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A Harsh Lesson to Learn

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I am grateful and want to thank all of those who have called, emailed or sent text messages to Eric and me expressing your support, dismay and shock at learning of the shut down of 1290 WMCS.

On Tuesday, February 26, 2013, in the final days of Black History Month, an institution in Milwaukee, radio station 1290 WMCS abruptly closed its doors. ‘The Talk of the Town’ began playing Elvis Presley music approximately one minute after Eric’s final words were spoken, his trademark close, “Be good, be careful, bye bye.”

Those would be my husband’s final words as the host of the wildly popular, Morning Magazine, the show he created and led for more than 15 years.

I chuckle now as I think about how things work out. I find it oddly amusing. After working to develop Brain Brawn & Body – a three year odyssey - Eric and I finally launched the website on February 21 at the UWM Zilber School of Public Health. We’re so appreciative of the tremendous support from the mayor, the city’s Health Department, Wheaton Franciscan Healthcare, the American Cancer Society, our friends and the community.


Eric was accustomed to getting up at 4:30 in the morning to prepare for his show.However, he wasn’t sleeping through the night, rising around 2:00 or 3:00 a.m. to write stories and research information for the website.

It was noticeable that his level of excitement for his work in radio was waning. It was being replaced by a new passion for this project, Brain Brawn & Body; a paean of sorts to Black men. You could say he had renewed pep in his step.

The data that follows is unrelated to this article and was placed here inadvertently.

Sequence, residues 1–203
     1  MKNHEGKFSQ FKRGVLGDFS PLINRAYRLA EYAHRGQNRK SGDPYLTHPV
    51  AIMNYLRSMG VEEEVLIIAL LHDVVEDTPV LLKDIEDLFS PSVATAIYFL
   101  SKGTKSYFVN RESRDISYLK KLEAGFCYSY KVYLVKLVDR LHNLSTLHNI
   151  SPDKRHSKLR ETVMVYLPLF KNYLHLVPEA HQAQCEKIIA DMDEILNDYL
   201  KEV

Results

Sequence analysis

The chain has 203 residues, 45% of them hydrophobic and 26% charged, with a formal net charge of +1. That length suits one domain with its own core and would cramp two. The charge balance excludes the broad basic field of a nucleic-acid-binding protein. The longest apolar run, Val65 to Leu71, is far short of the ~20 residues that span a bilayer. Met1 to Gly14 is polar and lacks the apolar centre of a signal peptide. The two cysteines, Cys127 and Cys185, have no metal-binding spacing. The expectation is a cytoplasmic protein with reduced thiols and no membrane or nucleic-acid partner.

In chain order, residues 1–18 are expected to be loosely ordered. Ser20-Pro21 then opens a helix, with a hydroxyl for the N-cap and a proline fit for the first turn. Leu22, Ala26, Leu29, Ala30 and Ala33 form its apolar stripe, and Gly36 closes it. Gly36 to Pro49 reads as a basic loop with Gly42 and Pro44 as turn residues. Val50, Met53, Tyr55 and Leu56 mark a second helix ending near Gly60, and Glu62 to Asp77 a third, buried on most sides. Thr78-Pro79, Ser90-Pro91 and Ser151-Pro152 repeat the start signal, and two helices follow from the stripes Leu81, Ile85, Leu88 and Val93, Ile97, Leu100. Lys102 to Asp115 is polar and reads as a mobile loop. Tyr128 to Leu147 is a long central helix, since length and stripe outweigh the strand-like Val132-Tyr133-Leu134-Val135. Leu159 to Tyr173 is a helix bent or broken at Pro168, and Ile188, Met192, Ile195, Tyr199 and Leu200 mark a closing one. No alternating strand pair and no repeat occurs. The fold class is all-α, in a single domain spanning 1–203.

The Friday morning after the launch, we finally slept in – it was 4:30 a.m. Still a crazy hour to awaken, but it was good to get back to our routine at least. We woke up and began moving about our day, still pumped from the excitement and success of the launch.

Eric shared with me that he wanted more time to dedicate to the website. He said it’s been a long time since he was excited about the direction of his radio career.

I was happy to hear what I believed was the discovery of yet another passion, almost as deep as his love for talk radio. Eerily, he shared with me he believed the closing of 1290 would be announced at what would be a ‘mandatory’ staff meeting.

He said interior and exterior repairs; painting and a general sprucing up had been taking place around the building. His suspicion was that the owners were getting it ready for sale.

When you’ve been working someplace for as long as Eric has and you begin to see attention being paid to things that had long gone unattended, a red flag pops up and you become acutely aware of your surroundings.

Still, to him, the demise of 1290 seemed far fetched. But I guess that with Eric’s many years in the business, having seen former colleagues in the industry in other cities experience these things, his antenna was up. He said to me that you always keep your head on a swivel. “You never know when it’s your turn.”